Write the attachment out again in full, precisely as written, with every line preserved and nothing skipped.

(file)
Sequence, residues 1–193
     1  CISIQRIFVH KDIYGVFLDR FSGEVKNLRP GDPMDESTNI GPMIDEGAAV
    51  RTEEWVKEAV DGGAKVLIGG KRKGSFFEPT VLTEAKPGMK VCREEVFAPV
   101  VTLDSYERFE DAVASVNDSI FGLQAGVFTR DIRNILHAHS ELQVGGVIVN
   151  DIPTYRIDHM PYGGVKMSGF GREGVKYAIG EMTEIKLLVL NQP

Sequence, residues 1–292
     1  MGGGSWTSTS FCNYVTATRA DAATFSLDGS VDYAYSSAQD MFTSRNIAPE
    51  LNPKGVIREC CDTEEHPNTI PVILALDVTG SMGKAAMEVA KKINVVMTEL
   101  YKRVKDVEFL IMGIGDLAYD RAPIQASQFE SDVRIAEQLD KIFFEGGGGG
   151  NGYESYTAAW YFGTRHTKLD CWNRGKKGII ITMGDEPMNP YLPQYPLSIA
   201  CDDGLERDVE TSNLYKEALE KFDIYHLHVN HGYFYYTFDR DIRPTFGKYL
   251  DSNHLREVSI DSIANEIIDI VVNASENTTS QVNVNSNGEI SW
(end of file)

Sequence, residues 1–193
     1  CISIQRIFVH KDIYGVFLDR FSGEVKNLRP GDPMDESTNI GPMIDEGAAV
    51  RTEEWVKEAV DGGAKVLIGG KRKGSFFEPT VLTEAKPGMK VCREEVFAPV
   101  VTLDSYERFE DAVASVNDSI FGLQAGVFTR DIRNILHAHS ELQVGGVIVN
   151  DIPTYRIDHM PYGGVKMSGF GREGVKYAIG EMTEIKLLVL NQP

Sequence, residues 1–292
     1  MGGGSWTSTS FCNYVTATRA DAATFSLDGS VDYAYSSAQD MFTSRNIAPE
    51  LNPKGVIREC CDTEEHPNTI PVILALDVTG SMGKAAMEVA KKINVVMTEL
   101  YKRVKDVEFL IMGIGDLAYD RAPIQASQFE SDVRIAEQLD KIFFEGGGGG
   151  NGYESYTAAW YFGTRHTKLD CWNRGKKGII ITMGDEPMNP YLPQYPLSIA
   201  CDDGLERDVE TSNLYKEALE KFDIYHLHVN HGYFYYTFDR DIRPTFGKYL
   251  DSNHLREVSI DSIANEIIDI VVNASENTTS QVNVNSNGEI SW